“Under The Never Sky” by Veronica Rossi, “KBL: Kill Bin Laden” by John Weisman, “Ninth” is a Jack Reacher, and “Lassiter” by Paul Levine

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The best Christmas-Holiday/insert your favorite politically correct celebration held in December here—gift you can get for the reader in your life isn’t going to hit bookstore shelves until January 3, 2012. But if you’ve got a grit-lit’r on your list, pulled out your colored pens, glitter and craft paper. Then make ‘em one of those I promise to get you as soon as its available homemade gift certificates. Or pre-order from your favorite book seller– “Under The Never Sky” by Veronica Rossi. (Harper Collins. $17.99, 348 pages, hard cover.) http://veronicarossibooks.blogspot.com/

“Sky” is definitely grit-lit even though the cover bills it as post-apocalyptic fiction for teenagers, it’s much more than that. In fact I wouldn’t be surprised if “Sky” is the next Harry Potter or Twilight.

Our heroine, Aria knows her chances of surviving in the outer wasteland–known as The Death Shop–are slim. If the cannibals don’t get her, the violent, electrified energy storms will. She’s been taught that the very air she breathes can kill her. Then Aria meets an Outsider named Perry. He’s wild–a savage–and her only hope of staying alive.

A HUNTER for his tribe in a merciless landscape, Perry views Aria as sheltered and fragile–everything he would expect from a Dweller. But he needs Aria’s help too. Opposites in nearly every way, Aria and need each other to survive.

Optioned by Warner Bros. Published in 20 countries. Order yours today.

“KBL: Kill Bin Laden” by John Weisman. (William Morrow $26.99, 300 pages, hard back.) www.harpercollins.com.

Ever wonder how they finally got that *&^% guy perfectly planted in a watery grave? If you do, then “KBL” is for you. Written by John Weisman, a guy who should know the gory details. Weisman reviews intelligence/military books for the Washington Times. And wowee-zowee does he have a handle on the latest cool military toys.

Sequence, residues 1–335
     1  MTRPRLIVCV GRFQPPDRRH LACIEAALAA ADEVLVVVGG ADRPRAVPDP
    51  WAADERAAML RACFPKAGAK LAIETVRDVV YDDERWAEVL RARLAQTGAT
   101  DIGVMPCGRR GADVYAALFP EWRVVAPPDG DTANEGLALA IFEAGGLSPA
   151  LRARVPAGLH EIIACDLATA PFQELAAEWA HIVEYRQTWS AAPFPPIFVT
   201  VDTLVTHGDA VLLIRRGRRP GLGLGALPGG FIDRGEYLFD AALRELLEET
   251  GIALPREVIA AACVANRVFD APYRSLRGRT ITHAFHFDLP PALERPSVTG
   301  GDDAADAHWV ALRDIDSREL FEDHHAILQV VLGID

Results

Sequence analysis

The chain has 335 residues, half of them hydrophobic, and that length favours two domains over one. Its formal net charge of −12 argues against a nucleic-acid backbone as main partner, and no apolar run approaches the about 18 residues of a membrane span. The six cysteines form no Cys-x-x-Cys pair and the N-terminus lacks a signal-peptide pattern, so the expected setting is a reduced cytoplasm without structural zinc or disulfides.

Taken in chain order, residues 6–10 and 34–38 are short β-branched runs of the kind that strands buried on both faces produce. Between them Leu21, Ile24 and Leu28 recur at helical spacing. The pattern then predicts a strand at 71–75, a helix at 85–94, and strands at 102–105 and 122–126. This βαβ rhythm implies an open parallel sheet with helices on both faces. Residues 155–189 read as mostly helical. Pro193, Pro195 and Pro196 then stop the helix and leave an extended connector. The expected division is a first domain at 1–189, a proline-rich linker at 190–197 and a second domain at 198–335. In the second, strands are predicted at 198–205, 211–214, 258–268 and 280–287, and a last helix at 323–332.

Robert Baer, former CIA officer says, “Absolutely gripping. KBL: Kill Bin Laden describes a true story that can only be told in fiction. It also enthrallingly shows how SEALs are the future of warfare in the 21st century.”

Perfect for your military-techno-warfare fan.

Winner in the new category–Economy has gone to *&^%, gotta cut back, whatta ya got in a paperback– “The Ninth Day” by Jamie Freveletti.  (HarperCollins, $9.99, 480 pages, paperback). www.jamiefreveletti.com.

“Ninth” is a Jack Reacher like novel. If Reacher was an ultra marathoner, female and backed up by a team of smart tough guys.

Biochemist Emma Caldridge, playing the Reacher role, accidentally discovers a human trafficking operation which leads to the discovery of huge contaminated marijuana fields outside Ciudad Juarez. Fields a Mexican drug cartel believes were purposely contaminated by US anti-drug forces.

Now the cartel plans to distribute their lethal crop throughout the USA. Emma, infected by the crop’s mysterious disease, hopes to create a miracle, saving the US and herself.

“Lassiter” by Paul Levine. (Bantam Books, $25, 283 pages, hard back.) www.paul-levine.com.

Since the passing of Robert Parker, I’m nominating Levine for some of greatest dialogue in the grit-lit genre.

Attorney Lassiter is cross-examining a police witness …

“Now what other imaginary objects do you see?

“None I can think of.”

“No unicorns?”

“No, sir,” he said, through gritted teeth.

“Leprechauns, then?”

“No.”

Not even a chupacabra crawling out of the Everglades?”

“Objection!” Harold Flagler III, the young pup of a prosecutor, belatedly hopped to his feet.

“Grounds?” Judge Wallace Philbrick asked.

“Mr. Lassiter is badgering the witness.”

“It’s my job to badger the witness.”

“Judge Philbrick,” Flagler whined.

“I get paid to badger the witness.”

“Your Honor, please admonish—“

“C’mon Flagler. Didn’t they teach you trial tactics at Yale?”

“Mr. Lassiter!” Judge Philbrick wagged a bony finger at me. “Address your remarks to the court, not opposing counsel.”

“I apologize, Your Honor.” Sounding so sincere I nearly believed myself.

Lassiter, the perfect antidote to all those uptight, complicated, dry legal thrillers.

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